Calendars teach time progress
         Any time is a good time to get your child his own calendar - especially if
you are looking for one sold after the beginning of the calendar year when stores
are selling them at 50% off the original price.

         Spend some time going through the calendar with your child. Depending
on his knowledge of whatís in the calendar, this is a good time to go over
calendar terms such as the names of the days of the week, the months of the
year, the seasons, and such concepts as yesterday, today, tomorrow, next
week, next month, etc.

         If you have a centralized place where you keep such information as the
birthdays of people in your family, anniversaries, school vacations, family trips,
and other events, help your child get these dates noted on his own calendar.
Children often have invitations to lots of their friendsí and classmatesí parties.
These go on their calendar, too.

         Your writing will be neater and more presentable, but your child will have
a greater ownership of the calendar as his tool if the writing on it is his. And if
there are days that he deems as important, let him be the judge of those. After
all, itís his calendar.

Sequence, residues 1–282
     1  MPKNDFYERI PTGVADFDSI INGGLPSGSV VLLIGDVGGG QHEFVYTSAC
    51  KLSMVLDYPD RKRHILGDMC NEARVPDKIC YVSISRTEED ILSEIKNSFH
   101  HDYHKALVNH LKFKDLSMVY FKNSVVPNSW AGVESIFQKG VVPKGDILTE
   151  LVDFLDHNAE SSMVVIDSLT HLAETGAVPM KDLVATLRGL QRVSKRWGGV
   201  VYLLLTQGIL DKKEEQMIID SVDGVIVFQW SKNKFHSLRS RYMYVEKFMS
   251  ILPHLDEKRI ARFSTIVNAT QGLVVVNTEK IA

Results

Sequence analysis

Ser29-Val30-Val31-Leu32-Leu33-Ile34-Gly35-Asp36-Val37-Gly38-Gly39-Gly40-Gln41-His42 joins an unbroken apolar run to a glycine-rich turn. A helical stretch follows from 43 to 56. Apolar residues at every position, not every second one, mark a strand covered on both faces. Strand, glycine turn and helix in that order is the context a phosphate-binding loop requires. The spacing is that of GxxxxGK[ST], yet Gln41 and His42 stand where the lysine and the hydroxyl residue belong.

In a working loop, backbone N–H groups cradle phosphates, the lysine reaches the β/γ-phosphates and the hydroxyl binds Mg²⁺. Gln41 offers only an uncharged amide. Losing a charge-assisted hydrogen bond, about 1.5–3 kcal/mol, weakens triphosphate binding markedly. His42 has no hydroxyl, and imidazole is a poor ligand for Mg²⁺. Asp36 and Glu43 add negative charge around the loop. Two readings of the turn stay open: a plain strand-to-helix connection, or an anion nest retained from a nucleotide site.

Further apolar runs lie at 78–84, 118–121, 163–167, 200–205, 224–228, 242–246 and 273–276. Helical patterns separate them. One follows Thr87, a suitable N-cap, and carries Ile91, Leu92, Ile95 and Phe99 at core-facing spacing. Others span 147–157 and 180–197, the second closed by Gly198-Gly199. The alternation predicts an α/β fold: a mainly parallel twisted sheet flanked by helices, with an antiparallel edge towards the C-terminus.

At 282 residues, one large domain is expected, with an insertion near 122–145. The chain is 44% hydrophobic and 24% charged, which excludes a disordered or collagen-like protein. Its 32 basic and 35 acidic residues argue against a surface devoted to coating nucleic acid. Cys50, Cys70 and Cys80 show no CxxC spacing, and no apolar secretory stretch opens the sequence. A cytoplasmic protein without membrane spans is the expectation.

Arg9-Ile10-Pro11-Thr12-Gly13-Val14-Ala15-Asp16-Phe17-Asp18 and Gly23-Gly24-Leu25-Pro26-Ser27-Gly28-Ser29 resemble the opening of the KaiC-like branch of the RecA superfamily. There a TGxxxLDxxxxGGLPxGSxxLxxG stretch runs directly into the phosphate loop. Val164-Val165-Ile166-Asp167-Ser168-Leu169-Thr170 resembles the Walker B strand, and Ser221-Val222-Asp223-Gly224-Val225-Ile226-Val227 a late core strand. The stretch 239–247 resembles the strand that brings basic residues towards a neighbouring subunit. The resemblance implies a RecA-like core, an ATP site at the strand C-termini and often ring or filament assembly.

Lead your child to ability in using his calendar by guiding him through
using it, instead of giving the answers outright. If he wants to know how much
more time it will be until a certain event, use what I call sharing your thinking out
loud. For example, if he asks how long it is until Halloween, you would go
through the calendar with him and your comments may be something like this:
ďItís now the middle of January, so until the end of the month is half a month.
Then thereís February, so thatís one and a half; then March, so thatís two and a
half,Ē etc. You continue until you show that Halloween is nine and a half months

         In so doing, your child gets counting skills, calendar awareness, and gets a
handle on the passage of time.

         This column has been incorporated into Teach Your Children Well: A Teacherís Advice for Parents.

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